## 6.5 Factors Affecting the Quality of Inference

The key factors affecting the quality of an inference you might make relate to violations in our thinking about the sampling process and the model for the population. Obviously, if we cannot coherently define the population, then any “inference” that we make to the population will be similarly vaguely defined.

A violation of our understanding of how the sampling process worked would result in our having collected data that did not represent the population in the way that we thought it would. This would affect our inference in that the inference we would make would apply not to the entire population, but to a specific selection of the population. This phenomenon is sometimes referred to as selection bias because the quantities that you estimate are biased toward the selection of the population that you did sample.

A violation of the model that we posit for the population could result in us estimating the wrong relationship between features of the population or underestimating the uncertainty of our estimates. For example, if it’s true that penguins can influence what color hats other penguins wear, then that would violate the assumption of independence between penguins. This would result in an increase in the uncertainty of any estimates that we make from the data. In general, dependence between units in a population reduce the “effective sample size” of your dataset because the units you observe are not truly independent of each other and do not represent independent bits of information.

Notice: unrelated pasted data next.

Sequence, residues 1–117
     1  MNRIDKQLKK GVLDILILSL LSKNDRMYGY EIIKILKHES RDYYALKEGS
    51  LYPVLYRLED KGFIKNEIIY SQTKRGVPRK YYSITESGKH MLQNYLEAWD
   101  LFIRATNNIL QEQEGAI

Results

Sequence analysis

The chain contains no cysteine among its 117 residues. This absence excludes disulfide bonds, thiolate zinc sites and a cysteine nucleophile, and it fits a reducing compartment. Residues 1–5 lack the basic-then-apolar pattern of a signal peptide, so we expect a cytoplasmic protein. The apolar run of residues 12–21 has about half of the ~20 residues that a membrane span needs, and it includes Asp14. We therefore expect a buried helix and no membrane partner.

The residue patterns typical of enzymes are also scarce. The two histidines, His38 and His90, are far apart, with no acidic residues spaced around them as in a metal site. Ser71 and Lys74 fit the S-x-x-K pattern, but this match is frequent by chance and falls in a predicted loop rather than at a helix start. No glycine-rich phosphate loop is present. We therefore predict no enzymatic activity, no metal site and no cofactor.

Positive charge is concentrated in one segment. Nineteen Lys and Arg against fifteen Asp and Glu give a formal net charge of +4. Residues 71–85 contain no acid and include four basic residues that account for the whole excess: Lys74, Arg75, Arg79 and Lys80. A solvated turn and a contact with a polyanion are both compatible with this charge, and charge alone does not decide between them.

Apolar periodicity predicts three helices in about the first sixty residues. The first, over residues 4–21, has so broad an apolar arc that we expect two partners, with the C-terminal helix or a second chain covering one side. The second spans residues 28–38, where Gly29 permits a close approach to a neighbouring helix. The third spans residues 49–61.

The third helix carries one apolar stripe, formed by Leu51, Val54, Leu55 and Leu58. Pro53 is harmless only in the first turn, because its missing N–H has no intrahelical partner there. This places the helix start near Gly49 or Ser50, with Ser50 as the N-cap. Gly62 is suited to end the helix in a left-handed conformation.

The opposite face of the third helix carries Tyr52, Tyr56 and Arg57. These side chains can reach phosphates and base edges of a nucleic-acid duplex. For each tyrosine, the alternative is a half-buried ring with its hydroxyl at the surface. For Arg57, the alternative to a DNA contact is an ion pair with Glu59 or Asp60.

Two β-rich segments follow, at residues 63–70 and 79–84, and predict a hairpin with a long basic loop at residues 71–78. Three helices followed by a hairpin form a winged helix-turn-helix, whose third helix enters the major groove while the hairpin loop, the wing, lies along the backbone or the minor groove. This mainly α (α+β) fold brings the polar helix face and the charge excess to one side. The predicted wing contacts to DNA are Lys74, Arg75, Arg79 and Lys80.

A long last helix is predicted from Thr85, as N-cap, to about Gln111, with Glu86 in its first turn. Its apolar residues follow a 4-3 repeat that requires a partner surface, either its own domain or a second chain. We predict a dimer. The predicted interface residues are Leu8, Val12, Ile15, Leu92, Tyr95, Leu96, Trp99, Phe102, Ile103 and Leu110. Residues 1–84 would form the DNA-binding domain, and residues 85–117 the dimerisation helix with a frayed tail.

A final reason for a difference between our estimate from data and the truth in the population is sampling variability. Because we randomly sampled penguins from the population, it’s likely that if we were to conduct the experiment again and sample another three penguins, we would get a different estimate of the number of penguins with turquoise hats, simply due to random variation in the sampling process. This would occur even if our description of the sampling process were accurate and our model for the population were perfect.

In most cases, differences between what we can estimate with data and what the truth is in the population can be explained by a combination of all three factors. How big a role each plays in a given problem can be difficult to determine sometimes due to a lack of information, but it is usually worth putting some thought into each one of these factors and deciding which might be playing a dominant role. That way, one may be able to correct the problem, for example, in future studies or experiments.